Why do politicians put so much effort into the firearms topic?

Discussion in 'Legal' started by jamesish, Aug 2, 2007.

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  1. jamesish

    jamesish Member

    May 10, 2007
    The 2 most feasible reasons (in my mind at least) seem to me:

    a. to disarm the general populace therefore reducing resistance (or easy resistance) against tyranny

    b. because it is an easy 'feel good' topic for them to sway ignorant voters with

    Now looking at "a", it seems to be the underlying reason for many government's disarming their populace. However, is it really believable that Joe Senator thinks there is ever a chance of himself and his peers being some sort of "ruling class"? Regardless of how destructive their tactics and lawmaking decisions can be on our personal freedoms, I just don't know if I can buy that that many politicians are on a powertrip.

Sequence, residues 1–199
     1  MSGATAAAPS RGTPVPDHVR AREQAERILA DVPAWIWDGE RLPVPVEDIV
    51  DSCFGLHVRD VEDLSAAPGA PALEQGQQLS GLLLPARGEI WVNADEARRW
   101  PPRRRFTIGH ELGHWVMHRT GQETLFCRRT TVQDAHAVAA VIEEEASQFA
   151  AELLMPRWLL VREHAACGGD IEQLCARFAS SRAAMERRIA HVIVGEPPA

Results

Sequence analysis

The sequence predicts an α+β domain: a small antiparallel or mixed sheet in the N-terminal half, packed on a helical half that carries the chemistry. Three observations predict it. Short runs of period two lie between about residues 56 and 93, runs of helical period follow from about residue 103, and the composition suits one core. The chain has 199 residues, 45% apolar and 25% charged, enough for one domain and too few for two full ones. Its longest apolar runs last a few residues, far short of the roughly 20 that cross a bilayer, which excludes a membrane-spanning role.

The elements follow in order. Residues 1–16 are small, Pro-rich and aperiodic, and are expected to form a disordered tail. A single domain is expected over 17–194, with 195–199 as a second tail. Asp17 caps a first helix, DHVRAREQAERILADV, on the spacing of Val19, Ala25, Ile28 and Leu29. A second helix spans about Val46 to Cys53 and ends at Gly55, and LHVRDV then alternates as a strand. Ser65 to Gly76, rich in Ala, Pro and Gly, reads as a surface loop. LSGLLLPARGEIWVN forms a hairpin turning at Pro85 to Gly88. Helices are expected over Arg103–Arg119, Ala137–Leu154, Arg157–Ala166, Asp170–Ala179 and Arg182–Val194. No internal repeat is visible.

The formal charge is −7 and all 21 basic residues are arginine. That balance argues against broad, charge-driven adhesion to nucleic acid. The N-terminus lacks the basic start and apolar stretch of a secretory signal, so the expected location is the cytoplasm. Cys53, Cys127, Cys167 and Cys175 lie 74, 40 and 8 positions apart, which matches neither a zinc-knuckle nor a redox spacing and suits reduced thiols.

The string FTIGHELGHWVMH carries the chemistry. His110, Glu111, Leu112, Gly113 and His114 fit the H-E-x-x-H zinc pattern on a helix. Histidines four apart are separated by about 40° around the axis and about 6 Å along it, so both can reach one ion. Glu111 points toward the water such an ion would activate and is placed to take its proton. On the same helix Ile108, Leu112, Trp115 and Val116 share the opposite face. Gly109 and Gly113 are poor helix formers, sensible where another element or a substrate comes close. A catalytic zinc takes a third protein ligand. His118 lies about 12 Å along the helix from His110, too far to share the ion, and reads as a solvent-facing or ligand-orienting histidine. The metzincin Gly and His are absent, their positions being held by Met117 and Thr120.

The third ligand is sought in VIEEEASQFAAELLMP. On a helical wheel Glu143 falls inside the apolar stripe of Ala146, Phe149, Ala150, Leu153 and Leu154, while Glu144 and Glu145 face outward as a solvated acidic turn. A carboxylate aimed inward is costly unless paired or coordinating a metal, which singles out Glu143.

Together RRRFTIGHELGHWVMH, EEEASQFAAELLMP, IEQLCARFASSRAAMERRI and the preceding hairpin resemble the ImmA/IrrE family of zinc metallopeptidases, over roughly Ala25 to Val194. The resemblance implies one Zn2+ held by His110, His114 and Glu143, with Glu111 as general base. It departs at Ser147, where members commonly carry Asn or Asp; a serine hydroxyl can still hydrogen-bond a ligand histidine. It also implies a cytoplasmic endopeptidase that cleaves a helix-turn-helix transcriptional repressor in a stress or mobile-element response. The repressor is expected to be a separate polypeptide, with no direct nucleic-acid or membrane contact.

Now I've met a few, and let me say I was NOT impressed. This was about a decade back and I was in middle-school. I remember being nauseated at a discussion I had with a Maryland senator about gun control... I was a 14 year old and I knew VASTLY more than he did about gun laws. But he was a nice gentleman and seemed sincere (though misguided), I don't think he wanted to change our goverment's power or situation.

    Now "b" seems more feasible. But are there not many more topics that would get the majority behind them? Whether you agree with them or not:

    -helping the lower class get out of their slump (there are valid programs that help instead of rewarding them for staying poor like our current federal welfare program)
    -rising cost of living and inflation
    -illegal immigration